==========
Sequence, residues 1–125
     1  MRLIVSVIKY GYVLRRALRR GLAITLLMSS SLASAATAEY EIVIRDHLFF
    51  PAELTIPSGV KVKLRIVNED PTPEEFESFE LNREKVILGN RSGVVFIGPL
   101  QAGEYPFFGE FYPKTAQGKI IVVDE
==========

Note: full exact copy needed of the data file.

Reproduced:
Sequence, residues 1–125
     1  MRLIVSVIKY GYVLRRALRR GLAITLLMSS SLASAATAEY EIVIRDHLFF
    51  PAELTIPSGV KVKLRIVNED PTPEEFESFE LNREKVILGN RSGVVFIGPL
   101  QAGEYPFFGE FYPKTAQGKI IVVDE